Vietnam, Australia boost farm produce trading hinh anh 1Shrimp processed for export (Photo: VNA)

Hanoi (VNA) – Minister of Agriculture and Rural Development Nguyen Xuan Cuong had a meeting with Australian Senator and Minister for Agriculture Bridget McKenzie in Hanoi on August 29, where they discussed measures to boost agricultural cooperation.

Vietnam wants to learn experience in developing high-tech agriculture and organic agriculture from Australia, a world-leading producer of agricultural commodities, Cuong said, adding Vietnam’s agriculture is growing but the country still needs to import cattle products, milk and wheat, among others.

Revealing Australia’s know-how to have a well-developed agriculture, McKenzie said four to five decades ago, small producers gathered together for larger production and higher yield crops. She suggested Vietnam work more to ensure a stable agriculture which brings better incomes to farmers.

Australia has already announced import requirements for fresh longan from Vietnam, and hopes to export malt and brewer’s yeast to the Southeast Asian country soon, she said.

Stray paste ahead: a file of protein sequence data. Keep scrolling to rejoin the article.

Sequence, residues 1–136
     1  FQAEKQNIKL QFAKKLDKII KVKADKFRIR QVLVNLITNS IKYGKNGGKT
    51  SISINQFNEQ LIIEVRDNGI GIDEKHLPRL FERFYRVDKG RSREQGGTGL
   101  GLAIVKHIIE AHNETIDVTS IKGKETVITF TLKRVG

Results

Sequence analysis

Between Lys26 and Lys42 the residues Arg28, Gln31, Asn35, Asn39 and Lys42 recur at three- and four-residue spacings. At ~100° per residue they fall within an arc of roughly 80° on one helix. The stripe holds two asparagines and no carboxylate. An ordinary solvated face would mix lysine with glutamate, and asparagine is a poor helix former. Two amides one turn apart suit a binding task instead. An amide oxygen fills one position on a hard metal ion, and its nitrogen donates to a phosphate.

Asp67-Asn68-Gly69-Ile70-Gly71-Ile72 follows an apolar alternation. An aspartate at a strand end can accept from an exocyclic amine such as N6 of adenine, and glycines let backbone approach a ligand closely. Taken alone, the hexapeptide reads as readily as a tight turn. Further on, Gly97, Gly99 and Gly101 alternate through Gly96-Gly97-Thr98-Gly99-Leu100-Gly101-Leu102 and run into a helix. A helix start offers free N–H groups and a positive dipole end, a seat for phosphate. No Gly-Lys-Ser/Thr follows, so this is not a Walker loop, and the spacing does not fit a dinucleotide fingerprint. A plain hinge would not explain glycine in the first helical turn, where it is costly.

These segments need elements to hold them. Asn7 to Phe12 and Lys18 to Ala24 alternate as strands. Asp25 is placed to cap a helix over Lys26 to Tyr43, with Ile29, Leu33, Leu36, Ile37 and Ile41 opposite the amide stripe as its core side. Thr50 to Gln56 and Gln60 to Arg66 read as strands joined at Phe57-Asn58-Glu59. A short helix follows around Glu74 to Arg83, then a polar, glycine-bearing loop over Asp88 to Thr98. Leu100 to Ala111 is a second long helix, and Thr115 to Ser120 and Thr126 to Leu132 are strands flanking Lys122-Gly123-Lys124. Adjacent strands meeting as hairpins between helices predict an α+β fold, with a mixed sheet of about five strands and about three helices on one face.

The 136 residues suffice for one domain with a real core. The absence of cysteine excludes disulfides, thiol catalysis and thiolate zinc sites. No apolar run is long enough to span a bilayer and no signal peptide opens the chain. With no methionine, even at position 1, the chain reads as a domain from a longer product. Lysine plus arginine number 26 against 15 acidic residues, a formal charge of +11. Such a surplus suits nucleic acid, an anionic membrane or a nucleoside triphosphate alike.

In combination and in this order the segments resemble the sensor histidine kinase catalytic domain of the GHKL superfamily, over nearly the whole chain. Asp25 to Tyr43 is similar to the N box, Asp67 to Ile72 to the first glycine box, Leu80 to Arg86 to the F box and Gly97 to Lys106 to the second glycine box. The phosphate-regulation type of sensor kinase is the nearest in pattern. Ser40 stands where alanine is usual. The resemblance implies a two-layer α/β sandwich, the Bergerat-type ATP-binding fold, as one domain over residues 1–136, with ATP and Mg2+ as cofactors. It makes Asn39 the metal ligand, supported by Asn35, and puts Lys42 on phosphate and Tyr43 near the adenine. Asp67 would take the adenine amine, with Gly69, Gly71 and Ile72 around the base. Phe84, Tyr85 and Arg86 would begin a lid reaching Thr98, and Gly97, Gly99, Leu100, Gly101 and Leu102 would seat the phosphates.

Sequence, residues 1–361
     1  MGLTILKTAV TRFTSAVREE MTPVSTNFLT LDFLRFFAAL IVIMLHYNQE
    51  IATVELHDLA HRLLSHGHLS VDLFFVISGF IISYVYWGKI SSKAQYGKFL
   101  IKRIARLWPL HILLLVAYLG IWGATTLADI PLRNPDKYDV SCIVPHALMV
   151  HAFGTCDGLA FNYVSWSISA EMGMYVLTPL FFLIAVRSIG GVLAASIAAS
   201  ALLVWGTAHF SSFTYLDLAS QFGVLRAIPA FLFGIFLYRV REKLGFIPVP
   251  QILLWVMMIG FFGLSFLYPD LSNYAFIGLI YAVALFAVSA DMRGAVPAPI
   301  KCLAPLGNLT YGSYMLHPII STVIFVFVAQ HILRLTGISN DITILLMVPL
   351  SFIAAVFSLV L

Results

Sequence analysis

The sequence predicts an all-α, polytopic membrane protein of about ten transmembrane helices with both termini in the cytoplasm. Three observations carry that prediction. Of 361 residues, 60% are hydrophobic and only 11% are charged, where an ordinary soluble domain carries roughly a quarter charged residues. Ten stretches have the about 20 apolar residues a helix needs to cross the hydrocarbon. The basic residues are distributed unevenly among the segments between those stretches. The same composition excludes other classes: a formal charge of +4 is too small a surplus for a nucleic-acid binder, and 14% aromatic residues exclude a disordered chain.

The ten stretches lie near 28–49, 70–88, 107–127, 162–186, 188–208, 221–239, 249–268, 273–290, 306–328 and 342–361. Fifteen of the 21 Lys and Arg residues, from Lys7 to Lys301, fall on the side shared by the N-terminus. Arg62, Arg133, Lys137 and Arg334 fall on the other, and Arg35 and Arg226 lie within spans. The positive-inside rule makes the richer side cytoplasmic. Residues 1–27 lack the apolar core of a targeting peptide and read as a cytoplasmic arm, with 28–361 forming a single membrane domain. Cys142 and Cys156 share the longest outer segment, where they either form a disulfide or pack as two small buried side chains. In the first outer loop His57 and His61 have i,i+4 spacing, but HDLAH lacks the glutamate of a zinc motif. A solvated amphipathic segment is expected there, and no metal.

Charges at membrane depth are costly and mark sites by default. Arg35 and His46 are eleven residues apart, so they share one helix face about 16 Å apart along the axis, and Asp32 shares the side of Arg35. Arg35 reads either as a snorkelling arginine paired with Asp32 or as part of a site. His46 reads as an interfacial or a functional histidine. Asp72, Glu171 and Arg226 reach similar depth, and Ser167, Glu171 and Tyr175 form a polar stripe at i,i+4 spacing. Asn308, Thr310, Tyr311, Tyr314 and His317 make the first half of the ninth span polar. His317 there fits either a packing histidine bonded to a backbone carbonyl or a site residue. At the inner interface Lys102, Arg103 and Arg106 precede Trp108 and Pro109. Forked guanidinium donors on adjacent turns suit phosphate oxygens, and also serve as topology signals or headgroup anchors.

The Australian minister recommended both sides to complete a set of standards for imports of peaches and nectarines so that Vietnamese consumers can taste the Australian fruits this October. They can work together to open markets for more fresh fruits in the coming time.

Australia wants close coordination with Vietnamese Department of Animal Health on meat import regulations so as to introduce Australian firms to procedures to export meat products.

Cuong said he will ask competent authorities to work tightly with the Australian side on the issues.

In addition, he expressed his hope that the radiation centre in Hanoi with equipment meeting international requirements will be recognised by Australian soon. Without the recognition, Vietnamese firms will have to transport their longan to Ho Chi Minh City for radiation, which will push up the costs.

Regarding Vietnamese shrimp, Cuong asked for re-evaluation on farming techniques from Australian authorities so that Vietnamese shrimp will be allowed to enter the Australian market soon.

McKenzie, for her part, promised to consider recognition of the radiation centre in Hanoi, and send a delegation to re-assess Vietnamese shrimp.

On the occasion, the two ministers witnessed the exchange of a cooperation agreement on animal health and cattle slaughter between the Vietnamese Department of Animal Health and Meat & Livestock Australia.

Currently, Vietnamese litchi, mango, dragon fruit and longan have reached the Australian market. Meanwhile, Australia is exporting 148 kinds of seeds, four types of fruits (grape, orange, tangerine and cherry), and seven kinds of grass seeds to Vietnam.-VNA